Pintupi Eye Dazzlers, Page 2

Tingari Dreaming




DBP6 Tingari Men, Raymond Maxwell Tjampitjinpa, 2002, 48" x 36" Not For Sale

Aboriginal paintings can often be read as multivalent texts. The symbols and abstract patterning in the paintings can be employed to serve a multiplicity of meanings, ones appropriate to general uninitiated audiences (which nowadays includes us, the "Kartiya" or whitefella), meanings that are revealed to young men during the process of initiation or "maliera," meanings which may be specific to women, and those to elder men.

The symbols and patterns may also imply different aspects of a story at the same time, serving as a form of visual shorthand condensing multiple meanings into a symbol the same way poetic or allusive language adds extra significance to words or phrases. If oral history can be considered a "living storybook" enacted by the tellers of the story then these designs, derived from imagery that was used as storytelling aids during ceremony and initiation (ground painting designs, incised sacred objects, body paint designs) are a recontextualized rendering of it's pictures, an allusive form of symbolic representation, implying ancestral actions, country, and the resonant spiritual power that still resides in the land today because of these ancestral activities in the Dreaming.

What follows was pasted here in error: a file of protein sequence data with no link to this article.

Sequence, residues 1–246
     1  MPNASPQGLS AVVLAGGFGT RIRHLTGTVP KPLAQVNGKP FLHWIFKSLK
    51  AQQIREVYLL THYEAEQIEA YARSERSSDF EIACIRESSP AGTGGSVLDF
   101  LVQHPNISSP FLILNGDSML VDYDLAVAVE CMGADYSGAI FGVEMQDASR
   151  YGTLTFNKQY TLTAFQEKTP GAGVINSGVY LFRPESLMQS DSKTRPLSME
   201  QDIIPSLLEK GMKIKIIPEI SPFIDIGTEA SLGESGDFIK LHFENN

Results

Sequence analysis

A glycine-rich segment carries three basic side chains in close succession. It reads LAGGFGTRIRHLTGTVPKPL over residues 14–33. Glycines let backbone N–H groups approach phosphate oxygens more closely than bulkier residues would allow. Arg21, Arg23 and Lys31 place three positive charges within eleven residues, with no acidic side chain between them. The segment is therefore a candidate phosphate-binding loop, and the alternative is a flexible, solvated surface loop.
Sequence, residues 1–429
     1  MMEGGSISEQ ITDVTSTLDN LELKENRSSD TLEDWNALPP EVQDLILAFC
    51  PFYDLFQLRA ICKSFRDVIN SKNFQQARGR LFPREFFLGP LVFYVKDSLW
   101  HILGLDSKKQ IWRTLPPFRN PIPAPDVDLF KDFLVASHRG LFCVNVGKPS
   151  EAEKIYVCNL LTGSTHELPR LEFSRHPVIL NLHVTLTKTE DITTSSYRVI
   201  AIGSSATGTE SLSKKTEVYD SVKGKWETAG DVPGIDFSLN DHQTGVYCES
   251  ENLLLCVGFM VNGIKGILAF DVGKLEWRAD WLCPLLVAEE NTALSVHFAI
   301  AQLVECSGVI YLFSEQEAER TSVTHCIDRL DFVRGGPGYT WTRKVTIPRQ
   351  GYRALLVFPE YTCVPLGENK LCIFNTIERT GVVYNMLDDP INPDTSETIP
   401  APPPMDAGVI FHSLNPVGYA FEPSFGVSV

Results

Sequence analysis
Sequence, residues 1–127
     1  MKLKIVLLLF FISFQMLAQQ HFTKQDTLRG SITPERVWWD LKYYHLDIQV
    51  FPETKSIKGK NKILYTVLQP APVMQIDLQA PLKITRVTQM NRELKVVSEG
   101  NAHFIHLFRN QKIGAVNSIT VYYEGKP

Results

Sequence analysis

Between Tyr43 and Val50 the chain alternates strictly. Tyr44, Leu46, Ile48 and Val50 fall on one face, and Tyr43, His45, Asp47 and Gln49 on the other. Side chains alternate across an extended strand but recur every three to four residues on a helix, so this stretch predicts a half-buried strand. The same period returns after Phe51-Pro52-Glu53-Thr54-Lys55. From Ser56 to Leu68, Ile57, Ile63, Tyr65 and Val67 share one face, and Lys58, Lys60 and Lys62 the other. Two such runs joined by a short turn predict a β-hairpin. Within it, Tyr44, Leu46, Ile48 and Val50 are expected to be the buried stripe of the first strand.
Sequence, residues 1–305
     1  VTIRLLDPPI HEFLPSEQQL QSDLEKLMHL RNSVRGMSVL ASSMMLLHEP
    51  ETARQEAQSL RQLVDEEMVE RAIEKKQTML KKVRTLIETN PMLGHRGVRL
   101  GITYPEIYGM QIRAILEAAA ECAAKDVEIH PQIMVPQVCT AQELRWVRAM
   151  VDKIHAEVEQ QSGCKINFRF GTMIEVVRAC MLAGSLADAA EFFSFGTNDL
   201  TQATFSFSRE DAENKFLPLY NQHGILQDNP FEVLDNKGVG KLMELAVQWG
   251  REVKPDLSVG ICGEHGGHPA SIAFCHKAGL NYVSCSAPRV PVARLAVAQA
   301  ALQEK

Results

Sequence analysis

This painting depicts sandhill country deep in the western desert near the usually dry Lake McDonald. A large group of Tingari men camped at this site before traveling west. The Tingari are a mob of mythical ancestors who traveled over vast stretches of country, performing rituals and creating and shaping particular sites. A sense of ancestral creation energy activates this painting while also imparting the distinct impression of sun-drenched sand hills radiating the heat and reflected light of this deep desert country.

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